The cognitive decline that commonly occurs with aging is characterized by a decrease in cognitive flexibility as noted by less efficient executive functions1. Impaired executive functions, particularly related to inhibitory control, marks the early stages of numerous neuropsychological conditions, such as Alzheimer’s disease2,3. Regular physical activity can attenuate the lose of inhibitory control that is associated with aging or even improve cognitive functions among older adults4,5,6. Given the growing challenges associated with aging in western society, the identification of strategies that preserve executive functions to minimize the burden associated with aging-related cognitive declines are required. Specifically, a better understanding of the characteristics of physical activity most likely to promote better executive functions among older adults is needed to guide future population health strategies.

Intervention studies equating physical activity with better cognitive health have primarily focused on structured physical activity or exercise training in controlled environments4,6,7,8. The impact of habitual activity on cognitive functions is an important aspect of active aging and strongly indicates that more free-living activity is associated with better cognition. Older females who were more physically active as assessed via accelerometry exhibited faster reaction times during the executive function portion of the Trail Making Task than their less active peers9. Further, we have previously documented that higher habitual physical activity levels are cross-sectionally associated with faster reaction times and intra-task oxygenation of the prefrontal cortex on the Switching conditions (i.e., the most demanding of executive function) of a colour-word Stroop task10. Best et al.11 demonstrated that older females who improved their executive function following training showed better adherence to physical activity as assessed via the Physical Activity Scale for the Elderly post-training. Older adults’ real life daily physical activity levels tend to exhibit considerable variability. While regular physical activity is associated with better cognition, the relationship of between-individual variations in change in physical activity because of an activity intervention on changes in cognition are unclear.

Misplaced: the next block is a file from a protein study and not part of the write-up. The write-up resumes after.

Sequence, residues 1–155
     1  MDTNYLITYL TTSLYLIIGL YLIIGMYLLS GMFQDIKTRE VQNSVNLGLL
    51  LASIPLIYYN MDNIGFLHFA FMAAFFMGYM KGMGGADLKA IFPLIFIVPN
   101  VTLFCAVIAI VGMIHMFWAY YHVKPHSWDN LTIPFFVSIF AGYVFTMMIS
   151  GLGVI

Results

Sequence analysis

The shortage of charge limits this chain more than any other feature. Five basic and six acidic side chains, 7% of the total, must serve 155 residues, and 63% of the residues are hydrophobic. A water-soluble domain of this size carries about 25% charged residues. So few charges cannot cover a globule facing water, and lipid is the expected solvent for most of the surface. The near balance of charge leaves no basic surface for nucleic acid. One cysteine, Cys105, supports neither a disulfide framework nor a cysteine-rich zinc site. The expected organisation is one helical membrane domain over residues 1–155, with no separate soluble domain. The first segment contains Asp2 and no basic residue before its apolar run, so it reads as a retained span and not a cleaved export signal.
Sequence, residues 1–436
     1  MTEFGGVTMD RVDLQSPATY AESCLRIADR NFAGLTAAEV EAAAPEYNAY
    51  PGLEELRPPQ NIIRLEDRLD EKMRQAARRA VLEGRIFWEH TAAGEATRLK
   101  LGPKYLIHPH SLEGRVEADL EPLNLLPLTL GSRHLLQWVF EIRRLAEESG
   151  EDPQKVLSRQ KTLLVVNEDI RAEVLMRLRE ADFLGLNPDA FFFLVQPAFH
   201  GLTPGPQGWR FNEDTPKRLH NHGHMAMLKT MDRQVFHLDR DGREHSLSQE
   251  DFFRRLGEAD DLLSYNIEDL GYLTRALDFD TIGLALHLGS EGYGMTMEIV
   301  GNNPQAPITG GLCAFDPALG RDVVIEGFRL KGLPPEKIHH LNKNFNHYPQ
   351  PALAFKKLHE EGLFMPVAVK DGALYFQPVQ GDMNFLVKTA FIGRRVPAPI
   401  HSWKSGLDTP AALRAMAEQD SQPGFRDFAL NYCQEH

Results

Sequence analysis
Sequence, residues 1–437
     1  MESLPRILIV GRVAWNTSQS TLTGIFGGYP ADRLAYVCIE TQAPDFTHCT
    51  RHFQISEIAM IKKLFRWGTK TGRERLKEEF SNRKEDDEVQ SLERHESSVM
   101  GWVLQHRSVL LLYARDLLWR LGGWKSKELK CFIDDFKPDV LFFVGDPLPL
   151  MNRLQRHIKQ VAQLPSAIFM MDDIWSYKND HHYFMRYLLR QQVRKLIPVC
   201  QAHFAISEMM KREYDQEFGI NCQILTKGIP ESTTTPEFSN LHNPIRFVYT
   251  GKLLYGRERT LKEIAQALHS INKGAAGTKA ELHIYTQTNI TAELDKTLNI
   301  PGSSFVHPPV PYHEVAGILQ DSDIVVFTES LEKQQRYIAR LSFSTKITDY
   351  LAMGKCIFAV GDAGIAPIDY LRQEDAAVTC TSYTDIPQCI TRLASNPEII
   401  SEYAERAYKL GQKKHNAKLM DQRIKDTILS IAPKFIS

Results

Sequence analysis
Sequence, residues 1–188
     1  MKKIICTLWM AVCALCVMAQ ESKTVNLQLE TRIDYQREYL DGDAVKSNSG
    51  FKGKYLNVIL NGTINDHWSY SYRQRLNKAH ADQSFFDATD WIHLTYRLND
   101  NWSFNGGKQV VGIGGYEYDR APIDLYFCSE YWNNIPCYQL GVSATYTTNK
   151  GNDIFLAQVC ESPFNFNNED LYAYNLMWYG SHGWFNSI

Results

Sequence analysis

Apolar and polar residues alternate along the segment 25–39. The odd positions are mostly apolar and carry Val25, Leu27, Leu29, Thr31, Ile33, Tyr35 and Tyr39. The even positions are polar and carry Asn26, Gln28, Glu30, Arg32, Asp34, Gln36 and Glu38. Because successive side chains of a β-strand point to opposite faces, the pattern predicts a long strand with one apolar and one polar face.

In addition to average measures of activity each day, there is evidence suggesting that the day-to-day pattern by which activity is accumulated could have a physiological impact12,13. For example, individuals accumulating the same number of steps each week but over one-two days may exhibit divergent physiological responses and possibly greater health effects to those who spread it out consistently over multiple days14. While persons who consistently accumulated > 8000 steps/day and those who accumulated > 8000 over one-two days per week exhibit similar, lower risks of all-cause mortality compared to their less active counterpart15, the physiological stimulus is inherently different between groups. A more consistent, highly active lifestyle that avoids repeated bouts of low activity could potentially result in a more sustained cardiovascular and neural stimulus that may improve cognitive health, but this is unclear. Individualized interventional strategies that target regular day-to-day physical activity levels may therefore promote better improvements in cognition.